Assault on Dark Athena DRM Backlash

The Starbreeze Forums and Atari Forums for The Chronicles of Riddick: Assault on Dark Athena each have threads complaining about the game's DRM, describing a non-revocable three-installation limit that does not allow further installations after it has been reached. This has inspired another protest centered on the reviews on the Amazon listing for the game, where an increasing number of reviews complain about the DRM. We contacted Atari about this and received the following response:
The protection on the PC version of The Chronicles of Riddick: Assault on Dark Athena is an activation system with online authentication required the first time you install the game on a machine. The activation code lets you install the game on up to 3 machines, with an unlimited number of installs on each assuming that you don’t change any major hardware in your PC or re-install your operating system.

If you reach the maximum number of installations you can contact the Atari hotline and if it’s a legitimate request you can get a new activation code.

We implement this protection in an effort to avoid early piracy.
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Re: On Dark Athena DRM
Apr 10, 2009, 13:07
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Re: On Dark Athena DRM Apr 10, 2009, 13:07
Apr 10, 2009, 13:07
 
a great bunch of guys with a great game (Titan Quest) that sold like crap but was torrented to hell and back.

This thing was a clear copy of Diablo. How can you say this game failed because of piracy? It failed because it took an old idea and tried to resell it and people didn't want to pay for it.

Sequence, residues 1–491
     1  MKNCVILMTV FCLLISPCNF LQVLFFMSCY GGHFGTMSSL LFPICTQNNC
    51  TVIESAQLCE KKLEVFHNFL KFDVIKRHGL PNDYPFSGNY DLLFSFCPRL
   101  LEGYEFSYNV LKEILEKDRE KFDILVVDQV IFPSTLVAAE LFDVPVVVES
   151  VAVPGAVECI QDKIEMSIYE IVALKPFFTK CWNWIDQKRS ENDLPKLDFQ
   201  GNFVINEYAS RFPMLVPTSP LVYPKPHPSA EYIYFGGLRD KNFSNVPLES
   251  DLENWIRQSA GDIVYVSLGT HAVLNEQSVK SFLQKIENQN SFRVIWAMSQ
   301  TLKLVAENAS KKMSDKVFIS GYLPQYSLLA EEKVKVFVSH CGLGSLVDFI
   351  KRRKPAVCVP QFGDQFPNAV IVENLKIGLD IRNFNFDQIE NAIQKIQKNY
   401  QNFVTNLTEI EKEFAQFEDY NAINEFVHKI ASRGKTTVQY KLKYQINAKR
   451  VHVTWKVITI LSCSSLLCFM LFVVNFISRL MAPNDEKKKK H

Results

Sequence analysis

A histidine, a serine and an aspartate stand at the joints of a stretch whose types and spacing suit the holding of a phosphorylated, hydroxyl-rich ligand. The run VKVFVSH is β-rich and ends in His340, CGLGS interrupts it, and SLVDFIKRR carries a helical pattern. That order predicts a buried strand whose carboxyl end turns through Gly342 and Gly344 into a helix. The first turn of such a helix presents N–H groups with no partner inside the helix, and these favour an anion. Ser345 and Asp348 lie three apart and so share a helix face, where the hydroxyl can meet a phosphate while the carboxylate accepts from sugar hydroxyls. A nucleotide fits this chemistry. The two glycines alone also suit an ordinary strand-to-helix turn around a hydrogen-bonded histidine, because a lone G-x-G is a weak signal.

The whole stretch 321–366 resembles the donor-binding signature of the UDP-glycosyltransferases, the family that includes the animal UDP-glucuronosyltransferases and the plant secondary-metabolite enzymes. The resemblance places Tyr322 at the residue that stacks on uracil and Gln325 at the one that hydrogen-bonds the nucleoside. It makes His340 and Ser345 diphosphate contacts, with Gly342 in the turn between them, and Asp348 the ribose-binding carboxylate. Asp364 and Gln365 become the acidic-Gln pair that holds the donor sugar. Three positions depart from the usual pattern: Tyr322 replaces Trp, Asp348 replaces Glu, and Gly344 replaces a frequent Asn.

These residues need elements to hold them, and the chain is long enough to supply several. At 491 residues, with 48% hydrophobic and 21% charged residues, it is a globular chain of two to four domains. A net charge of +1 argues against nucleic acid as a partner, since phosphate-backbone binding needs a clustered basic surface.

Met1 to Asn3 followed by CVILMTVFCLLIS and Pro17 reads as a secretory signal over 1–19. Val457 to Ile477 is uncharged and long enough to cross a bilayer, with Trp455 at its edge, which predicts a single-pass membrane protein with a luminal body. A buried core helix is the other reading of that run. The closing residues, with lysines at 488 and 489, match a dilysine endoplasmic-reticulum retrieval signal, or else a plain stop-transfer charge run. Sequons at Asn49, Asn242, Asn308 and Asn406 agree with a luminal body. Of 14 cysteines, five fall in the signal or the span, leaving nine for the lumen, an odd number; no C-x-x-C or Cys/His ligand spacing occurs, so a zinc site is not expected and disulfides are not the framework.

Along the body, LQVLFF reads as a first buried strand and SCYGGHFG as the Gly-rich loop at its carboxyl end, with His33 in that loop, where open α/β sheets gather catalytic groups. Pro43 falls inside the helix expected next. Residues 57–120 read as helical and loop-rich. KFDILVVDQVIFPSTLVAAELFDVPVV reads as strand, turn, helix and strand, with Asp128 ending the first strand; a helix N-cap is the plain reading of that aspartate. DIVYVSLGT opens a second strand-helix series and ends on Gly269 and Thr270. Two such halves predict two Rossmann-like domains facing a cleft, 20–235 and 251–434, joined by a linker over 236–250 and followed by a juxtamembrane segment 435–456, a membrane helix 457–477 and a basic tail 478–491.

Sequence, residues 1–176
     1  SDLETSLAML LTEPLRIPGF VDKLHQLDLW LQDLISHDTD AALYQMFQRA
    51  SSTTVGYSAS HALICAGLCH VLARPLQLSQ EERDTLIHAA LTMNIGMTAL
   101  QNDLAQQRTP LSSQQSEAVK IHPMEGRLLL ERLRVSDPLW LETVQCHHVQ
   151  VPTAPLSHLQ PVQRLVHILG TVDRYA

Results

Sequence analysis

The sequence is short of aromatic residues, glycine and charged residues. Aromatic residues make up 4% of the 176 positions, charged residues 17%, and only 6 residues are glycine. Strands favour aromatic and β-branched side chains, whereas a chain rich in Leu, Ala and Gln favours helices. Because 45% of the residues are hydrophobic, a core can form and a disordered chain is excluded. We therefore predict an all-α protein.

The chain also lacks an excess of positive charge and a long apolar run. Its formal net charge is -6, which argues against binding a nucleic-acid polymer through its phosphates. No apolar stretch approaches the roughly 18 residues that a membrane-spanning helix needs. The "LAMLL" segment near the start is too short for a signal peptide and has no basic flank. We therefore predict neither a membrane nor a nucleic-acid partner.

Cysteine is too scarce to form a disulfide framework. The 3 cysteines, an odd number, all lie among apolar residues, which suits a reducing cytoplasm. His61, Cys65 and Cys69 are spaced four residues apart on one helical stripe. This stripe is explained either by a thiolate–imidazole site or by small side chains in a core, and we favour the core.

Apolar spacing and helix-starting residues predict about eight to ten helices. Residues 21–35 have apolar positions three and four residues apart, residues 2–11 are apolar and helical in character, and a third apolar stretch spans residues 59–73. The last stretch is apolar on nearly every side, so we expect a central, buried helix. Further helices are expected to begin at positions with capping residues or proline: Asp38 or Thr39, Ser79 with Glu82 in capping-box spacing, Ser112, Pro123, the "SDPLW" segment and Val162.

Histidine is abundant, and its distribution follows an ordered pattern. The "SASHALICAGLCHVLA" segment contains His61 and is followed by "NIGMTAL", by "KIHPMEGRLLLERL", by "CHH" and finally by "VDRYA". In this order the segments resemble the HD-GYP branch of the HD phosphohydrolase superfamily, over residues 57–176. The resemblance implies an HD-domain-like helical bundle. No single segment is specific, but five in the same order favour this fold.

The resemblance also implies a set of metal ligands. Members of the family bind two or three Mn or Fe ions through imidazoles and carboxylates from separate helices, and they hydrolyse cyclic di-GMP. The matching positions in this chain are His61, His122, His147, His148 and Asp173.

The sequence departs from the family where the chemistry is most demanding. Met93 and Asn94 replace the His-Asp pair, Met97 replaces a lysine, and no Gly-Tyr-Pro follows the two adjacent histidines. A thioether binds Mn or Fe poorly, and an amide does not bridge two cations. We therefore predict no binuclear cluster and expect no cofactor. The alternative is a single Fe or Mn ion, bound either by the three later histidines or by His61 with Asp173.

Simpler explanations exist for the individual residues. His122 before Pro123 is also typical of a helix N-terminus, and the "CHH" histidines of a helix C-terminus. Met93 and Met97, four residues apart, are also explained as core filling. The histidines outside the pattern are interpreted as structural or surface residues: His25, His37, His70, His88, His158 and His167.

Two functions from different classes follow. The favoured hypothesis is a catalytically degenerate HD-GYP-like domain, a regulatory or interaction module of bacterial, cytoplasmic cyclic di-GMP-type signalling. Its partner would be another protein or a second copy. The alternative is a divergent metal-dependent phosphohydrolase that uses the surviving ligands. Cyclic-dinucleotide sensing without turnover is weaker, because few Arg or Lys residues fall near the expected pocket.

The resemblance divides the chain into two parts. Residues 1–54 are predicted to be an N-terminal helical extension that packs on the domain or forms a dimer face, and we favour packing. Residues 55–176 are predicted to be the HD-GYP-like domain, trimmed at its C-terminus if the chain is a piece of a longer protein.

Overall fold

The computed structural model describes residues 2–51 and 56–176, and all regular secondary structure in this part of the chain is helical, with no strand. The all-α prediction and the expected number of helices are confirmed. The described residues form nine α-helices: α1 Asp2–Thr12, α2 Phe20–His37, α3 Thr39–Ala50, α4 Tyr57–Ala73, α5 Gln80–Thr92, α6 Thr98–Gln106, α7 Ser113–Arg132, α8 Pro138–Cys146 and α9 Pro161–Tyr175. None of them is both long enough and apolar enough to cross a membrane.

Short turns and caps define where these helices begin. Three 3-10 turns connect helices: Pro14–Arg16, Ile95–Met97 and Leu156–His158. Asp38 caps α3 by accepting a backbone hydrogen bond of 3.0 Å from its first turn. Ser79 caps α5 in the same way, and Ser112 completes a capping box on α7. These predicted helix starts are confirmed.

I picked it up on impulse for $4 because that's about what it's worth to me. If you want top down role playing/action go buy the diablo battlechest, or just bust out your copy that you probably already own. It's absurd to suggest that piracy was why this game didn't sell. It didn't sell because it was a copy of a bigger better product.

Sort of like BF Heroes would be to Team Fortress 2. If EA tried to sell that, even if it was a great game, it'd probably end up selling like shit because people already have a completely superior product and it's been on sale so many times it's probably been sold to 99% of the target market.

3 - Buy the game - I still choose to do this, as being a developer is much harder and thankless than any of you seem to grasp, and they NEED the success and money from game sales to survive. Instead of punishing them for something their publisher did, I support them with a sale and then crack the .exe when I need to... in essence, it is more important to me to support developers making great games I like than it is to complain about DRM I can easily bypass.

And this just makes my head spin. Maybe as a developer you just go along with everything publishers shovel into your mouth but as a consumer we don't distinguish between publishers and developers. It's all one product. If you and the publisher together end up with a shitty product for whatever reason, it's too fucking bad. I think developers have a warped view of reality when they expect gamers to buy games with this kind of stuff attached "for the developers". As if publishers are the ones you need to keep happy. EARTH TO DEVS, it's consumers you need to keep happy.
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  Re: On Dark Athena DRM
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